• Wednesday, July 17, 2024
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BusinessDay

Should the president be so powerful?

APC presidential campaign council denies appointing Buhari campaign chair

I have described the type of our democracy as a rat race for power. The godfathers support a governor. In the first two years, he impressed the electorate with a few people-oriented projects.

The focus shifts to re-election at half-time to the end of the first tenure. He is lucky if he is not fighting the godfathers. Otherwise, there is an epic battle for the state’s political mandate to remain in office.

After the epic fight is another two years to impress people without losing sight of how to make the godfathers powerless. That’s the battle of successors. Governors want to perpetuate themselves in office by appointing their flunkies as successors. This is the politics of carrots allowed by our low level of literacy politically.

People in Nigeria vote on emotions relating to ethnicity, religion, and petty sentiments. Some are political beggars who have no other job than to follow the directives of the power brokers to the detriment of their future, including that of their children.

Governors want to perpetuate themselves in office by appointing their flunkies as successors. This is the politics of carrots allowed by our low level of literacy politically

The race for the APC presidential flagbearer has been colourised by the purported interest of Buhari in the selection of his successor. The president once said he would prefer not to mention his preferred candidate for fear of assassination. What an unfortunate and backward picture of Nigeria in the 21st Century.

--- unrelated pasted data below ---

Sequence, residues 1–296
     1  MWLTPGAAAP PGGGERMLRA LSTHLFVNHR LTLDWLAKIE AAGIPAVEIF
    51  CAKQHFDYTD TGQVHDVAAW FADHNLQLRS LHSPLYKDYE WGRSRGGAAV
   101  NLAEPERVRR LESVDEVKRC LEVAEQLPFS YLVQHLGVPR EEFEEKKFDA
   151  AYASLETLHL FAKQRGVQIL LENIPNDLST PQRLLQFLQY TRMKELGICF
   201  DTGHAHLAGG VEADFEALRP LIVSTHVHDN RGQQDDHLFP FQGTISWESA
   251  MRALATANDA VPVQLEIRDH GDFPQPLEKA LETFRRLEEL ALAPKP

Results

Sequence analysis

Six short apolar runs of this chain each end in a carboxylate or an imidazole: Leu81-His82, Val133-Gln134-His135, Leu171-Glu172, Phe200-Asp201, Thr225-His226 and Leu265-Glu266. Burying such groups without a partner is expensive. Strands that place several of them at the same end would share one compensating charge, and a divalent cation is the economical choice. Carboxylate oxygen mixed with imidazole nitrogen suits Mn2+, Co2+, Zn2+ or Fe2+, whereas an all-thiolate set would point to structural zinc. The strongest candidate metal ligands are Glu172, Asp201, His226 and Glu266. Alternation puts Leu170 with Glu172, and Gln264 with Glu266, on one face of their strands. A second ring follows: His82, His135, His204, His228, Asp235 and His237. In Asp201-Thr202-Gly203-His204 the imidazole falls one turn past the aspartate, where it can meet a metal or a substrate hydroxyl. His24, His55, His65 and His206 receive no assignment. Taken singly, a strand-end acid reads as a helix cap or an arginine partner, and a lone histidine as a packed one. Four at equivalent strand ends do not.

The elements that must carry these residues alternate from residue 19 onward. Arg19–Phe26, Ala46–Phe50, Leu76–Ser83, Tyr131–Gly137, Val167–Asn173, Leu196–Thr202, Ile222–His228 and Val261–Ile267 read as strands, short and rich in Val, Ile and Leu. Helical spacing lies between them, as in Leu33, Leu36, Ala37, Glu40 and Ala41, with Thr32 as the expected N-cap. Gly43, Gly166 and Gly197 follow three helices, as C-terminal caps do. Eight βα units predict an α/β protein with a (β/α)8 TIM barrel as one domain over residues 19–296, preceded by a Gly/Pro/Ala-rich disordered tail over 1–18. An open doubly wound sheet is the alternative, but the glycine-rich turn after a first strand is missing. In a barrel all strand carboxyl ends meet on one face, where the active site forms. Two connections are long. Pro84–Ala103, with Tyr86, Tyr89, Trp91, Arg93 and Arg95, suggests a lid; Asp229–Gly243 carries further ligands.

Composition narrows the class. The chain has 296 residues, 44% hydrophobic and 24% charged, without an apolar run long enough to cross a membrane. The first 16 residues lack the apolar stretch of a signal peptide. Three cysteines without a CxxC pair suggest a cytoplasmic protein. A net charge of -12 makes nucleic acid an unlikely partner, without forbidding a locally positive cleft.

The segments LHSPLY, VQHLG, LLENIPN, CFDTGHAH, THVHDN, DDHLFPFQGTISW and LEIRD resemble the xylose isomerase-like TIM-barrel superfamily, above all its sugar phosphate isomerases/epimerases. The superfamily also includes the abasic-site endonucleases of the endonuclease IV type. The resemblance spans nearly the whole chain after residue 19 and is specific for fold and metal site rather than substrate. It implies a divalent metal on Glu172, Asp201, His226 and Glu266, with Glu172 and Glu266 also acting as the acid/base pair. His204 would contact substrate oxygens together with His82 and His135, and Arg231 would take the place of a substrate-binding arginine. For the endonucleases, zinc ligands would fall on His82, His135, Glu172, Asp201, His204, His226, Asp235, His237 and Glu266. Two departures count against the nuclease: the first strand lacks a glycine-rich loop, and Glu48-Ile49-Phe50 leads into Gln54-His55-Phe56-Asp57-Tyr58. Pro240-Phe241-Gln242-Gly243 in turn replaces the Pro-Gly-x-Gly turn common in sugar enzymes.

The president’s statement confirmed that we have not moved beyond the politics of the first and second republics, where lives were sacrificed for political dominance. We have not advanced beyond the primitive stage of independence after 60 years. We are not independent economically, but more pathetic is that we are still enslaved people in our imaginations if our leaders judge us.

Should anyone have the right to appoint their successors as leaders?

The role of leaders is to create a legacy that endures and lives beyond them. Leaders are to set things in motion and ensure the followers’ benefits irrespective of their beliefs or political affiliation.

A good political leader is called to create a society where the son of nobody can become somebody someday in the future. That’s not the case in Nigeria, where a past governor is contesting to return to the Senate after 12 years.

That’s not the case where a father and his son are both contenting to represent the people at the Senate and House of Representative at the same time. Politics have become the business of some families and is no longer a platform for building a society with equity and equality.

Jerry Rawlings transformed Ghana from nowhere to somewhere. He laid the foundation for a sane society where electorates vote counts and where a country of our former teachers and shoemakers is now above us in economic indexes. There is no doubt JJ Rawlings started a revolution.